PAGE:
Search


pdf Seabird colonies as biodiversity hotspots for terrestrial invertebrates Popular

519 downloads

Seabird colonies as biodiversity hotspots for terrestrial invertebrates

Katarzyna Zmudczyńska-Skarbek
Dept. of Vertebrate Ecology and Zoology, Faculty of Biology, University of Gdańsk, Gdańsk, Poland

Gwiazdowicz Dariusz, Dept. of Forest Pathology, Poznań University of Life Sciences, Poznań, Poland
Skubała Piotr, Dept. of Ecology, University of Silesia, Katowice, Poland
Stempniewicz Lech, Dept. of Vertebrate Ecology and Zoology, Faculty of Biology, University of Gdańsk, Gdańsk, Poland
Zawierucha Krzysztof, Dept. of Animal Taxonomy and Ecology, Faculty ofBiology, Adam Mickiewicz University in Poznań, Poznań, Poland
Zwolicki Adrian, Dept. of Vertebrate Ecology and Zoology, Faculty of Biology, University of Gdańsk, Gdańsk, Poland

In the Arctic, areas within and close to seabird colonies are often regarded as biodiversity hotspots, being characterized by exceptionally rich vegetation communities linked with the high nutrient subsidies transported by seabirds from the marine environment to the land. These areas also support atypically high population densities for several invertebrate species, and specific invertebrate assemblages of which springtails, mites, and tardigrades often represent the most abundant and diverse groups. We present data on abundance and species composition of soil and limnoterrestrial invertebrates from the vicinities of different seabird species nesting sites as compared to impoverished areas, collected from different Svalbard locations: north-west, central, and south-west Spitsbergen, and Bjørnøya. With the use of diversity indices as well as multivariate analytical techniques we quantitatively estimated species diversity at the habitat level (α), the differentiation among habitats (β), and the proportion of total variability in the invertebrate communities explained by seabird influence, and compared these parameters between ornithogenically fertilized and non-fertilized areas. Arctic colonial seabirds are expected to be strongly influenced by predicted climate warming. This may trigger subsequent changes in invertebrate communities, concurrent with those resulting from typical climate change effects, such as increased temperature and reduced moisture availability.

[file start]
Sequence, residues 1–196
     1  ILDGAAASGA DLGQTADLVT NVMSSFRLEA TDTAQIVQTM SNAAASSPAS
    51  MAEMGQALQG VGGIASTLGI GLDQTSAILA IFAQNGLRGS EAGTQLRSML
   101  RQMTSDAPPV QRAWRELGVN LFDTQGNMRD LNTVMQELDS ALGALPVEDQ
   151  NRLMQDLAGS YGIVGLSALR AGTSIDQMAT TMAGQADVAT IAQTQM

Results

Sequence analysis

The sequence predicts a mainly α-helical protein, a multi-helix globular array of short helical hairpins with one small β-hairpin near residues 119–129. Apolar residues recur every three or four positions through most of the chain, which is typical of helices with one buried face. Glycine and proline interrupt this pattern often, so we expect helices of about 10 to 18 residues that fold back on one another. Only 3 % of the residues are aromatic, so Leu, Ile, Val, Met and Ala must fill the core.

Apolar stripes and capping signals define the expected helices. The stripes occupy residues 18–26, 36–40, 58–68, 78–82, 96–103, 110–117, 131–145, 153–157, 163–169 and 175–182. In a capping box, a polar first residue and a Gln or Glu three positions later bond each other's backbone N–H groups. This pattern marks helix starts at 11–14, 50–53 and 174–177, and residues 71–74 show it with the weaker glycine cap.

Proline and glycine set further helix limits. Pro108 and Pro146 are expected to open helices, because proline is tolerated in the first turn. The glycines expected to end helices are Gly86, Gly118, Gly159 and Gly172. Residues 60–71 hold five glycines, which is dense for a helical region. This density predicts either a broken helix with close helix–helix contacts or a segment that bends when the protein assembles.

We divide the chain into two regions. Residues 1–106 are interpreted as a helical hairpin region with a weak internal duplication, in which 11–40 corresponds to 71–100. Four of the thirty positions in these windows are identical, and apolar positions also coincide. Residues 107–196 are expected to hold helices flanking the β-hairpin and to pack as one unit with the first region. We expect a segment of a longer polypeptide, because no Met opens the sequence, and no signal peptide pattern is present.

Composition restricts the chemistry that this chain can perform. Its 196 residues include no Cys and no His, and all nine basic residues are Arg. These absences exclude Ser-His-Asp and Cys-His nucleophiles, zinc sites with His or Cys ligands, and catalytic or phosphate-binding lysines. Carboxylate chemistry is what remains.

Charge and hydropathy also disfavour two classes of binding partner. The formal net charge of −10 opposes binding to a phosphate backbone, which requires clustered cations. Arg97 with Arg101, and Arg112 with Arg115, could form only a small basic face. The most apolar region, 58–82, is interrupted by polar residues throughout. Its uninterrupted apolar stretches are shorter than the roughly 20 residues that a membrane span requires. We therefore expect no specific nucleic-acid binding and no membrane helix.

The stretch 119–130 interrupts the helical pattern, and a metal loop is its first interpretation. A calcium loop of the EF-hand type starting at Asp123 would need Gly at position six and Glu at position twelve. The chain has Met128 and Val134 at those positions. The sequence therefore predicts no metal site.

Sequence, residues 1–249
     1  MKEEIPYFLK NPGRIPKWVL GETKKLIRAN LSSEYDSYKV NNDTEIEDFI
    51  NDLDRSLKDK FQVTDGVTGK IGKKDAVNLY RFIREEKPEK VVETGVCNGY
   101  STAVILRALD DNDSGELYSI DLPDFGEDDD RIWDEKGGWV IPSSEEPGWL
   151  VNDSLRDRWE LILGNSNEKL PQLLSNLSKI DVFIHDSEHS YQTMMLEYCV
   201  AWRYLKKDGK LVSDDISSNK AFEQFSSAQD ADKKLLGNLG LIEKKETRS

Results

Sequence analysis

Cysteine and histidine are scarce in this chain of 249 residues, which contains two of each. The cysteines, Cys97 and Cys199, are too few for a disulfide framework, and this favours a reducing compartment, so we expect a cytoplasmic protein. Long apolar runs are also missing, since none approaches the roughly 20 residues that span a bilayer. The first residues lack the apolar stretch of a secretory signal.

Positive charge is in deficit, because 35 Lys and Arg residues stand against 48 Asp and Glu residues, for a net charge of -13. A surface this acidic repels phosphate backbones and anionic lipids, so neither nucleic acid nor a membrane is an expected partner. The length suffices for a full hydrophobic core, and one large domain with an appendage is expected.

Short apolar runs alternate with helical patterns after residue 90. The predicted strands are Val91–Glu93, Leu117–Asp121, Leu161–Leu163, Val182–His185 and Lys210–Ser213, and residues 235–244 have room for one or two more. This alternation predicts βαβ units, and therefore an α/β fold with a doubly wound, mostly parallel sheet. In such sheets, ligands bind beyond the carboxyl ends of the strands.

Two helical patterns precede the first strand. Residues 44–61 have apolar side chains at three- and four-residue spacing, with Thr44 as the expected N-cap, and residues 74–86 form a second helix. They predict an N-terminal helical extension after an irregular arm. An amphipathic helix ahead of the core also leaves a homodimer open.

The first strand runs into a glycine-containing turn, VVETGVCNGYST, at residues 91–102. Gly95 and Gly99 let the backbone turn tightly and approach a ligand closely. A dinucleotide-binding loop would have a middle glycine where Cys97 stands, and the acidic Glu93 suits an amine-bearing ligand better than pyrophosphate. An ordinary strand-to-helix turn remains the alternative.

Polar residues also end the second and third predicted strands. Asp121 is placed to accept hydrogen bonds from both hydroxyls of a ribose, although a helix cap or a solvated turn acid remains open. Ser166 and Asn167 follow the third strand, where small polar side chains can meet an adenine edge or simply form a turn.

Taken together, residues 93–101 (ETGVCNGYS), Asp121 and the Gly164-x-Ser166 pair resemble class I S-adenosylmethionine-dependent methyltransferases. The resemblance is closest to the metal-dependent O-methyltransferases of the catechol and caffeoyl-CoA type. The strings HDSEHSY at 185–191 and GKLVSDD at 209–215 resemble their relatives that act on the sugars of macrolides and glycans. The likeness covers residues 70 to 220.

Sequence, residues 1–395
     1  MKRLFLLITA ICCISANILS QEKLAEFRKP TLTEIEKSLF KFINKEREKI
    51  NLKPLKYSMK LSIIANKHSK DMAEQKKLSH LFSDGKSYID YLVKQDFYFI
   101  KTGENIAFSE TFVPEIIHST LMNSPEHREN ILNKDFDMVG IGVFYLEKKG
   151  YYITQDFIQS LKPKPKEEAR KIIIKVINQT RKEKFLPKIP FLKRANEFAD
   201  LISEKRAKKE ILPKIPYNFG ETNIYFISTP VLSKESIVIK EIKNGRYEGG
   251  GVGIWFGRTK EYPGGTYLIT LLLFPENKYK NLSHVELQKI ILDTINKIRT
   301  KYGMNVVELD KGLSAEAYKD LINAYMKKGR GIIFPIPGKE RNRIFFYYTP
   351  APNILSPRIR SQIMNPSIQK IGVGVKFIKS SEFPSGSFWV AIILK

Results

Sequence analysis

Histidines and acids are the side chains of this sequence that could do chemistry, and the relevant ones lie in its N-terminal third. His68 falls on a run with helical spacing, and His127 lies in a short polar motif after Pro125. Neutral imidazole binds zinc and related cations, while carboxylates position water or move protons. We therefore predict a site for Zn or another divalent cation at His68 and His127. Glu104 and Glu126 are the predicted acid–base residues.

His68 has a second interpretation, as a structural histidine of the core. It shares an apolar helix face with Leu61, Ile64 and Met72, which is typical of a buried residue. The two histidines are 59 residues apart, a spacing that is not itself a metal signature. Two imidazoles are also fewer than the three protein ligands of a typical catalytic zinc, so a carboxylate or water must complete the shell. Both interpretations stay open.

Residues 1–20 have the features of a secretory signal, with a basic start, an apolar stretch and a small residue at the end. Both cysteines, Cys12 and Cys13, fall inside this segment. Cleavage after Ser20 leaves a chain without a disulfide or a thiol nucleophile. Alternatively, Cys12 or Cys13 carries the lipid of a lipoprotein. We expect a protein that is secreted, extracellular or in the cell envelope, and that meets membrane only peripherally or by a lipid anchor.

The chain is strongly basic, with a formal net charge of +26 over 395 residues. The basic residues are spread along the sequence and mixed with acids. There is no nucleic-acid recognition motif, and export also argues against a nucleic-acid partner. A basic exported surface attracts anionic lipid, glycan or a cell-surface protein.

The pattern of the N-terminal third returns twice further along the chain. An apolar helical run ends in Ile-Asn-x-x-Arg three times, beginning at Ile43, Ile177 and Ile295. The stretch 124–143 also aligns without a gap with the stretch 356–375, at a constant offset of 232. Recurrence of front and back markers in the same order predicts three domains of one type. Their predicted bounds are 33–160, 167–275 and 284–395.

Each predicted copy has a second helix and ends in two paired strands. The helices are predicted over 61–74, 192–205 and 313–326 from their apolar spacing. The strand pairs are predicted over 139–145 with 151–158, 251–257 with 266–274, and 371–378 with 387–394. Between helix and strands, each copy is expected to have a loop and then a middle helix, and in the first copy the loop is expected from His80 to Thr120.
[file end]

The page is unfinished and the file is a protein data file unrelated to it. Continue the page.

Like us on Facebook
Follow us on Twitter
Subscribe to our YouTube Channel
Join our LinkedIn Group
Check us out on Google+
Follow Us on Instagam
Follow Us on Flickr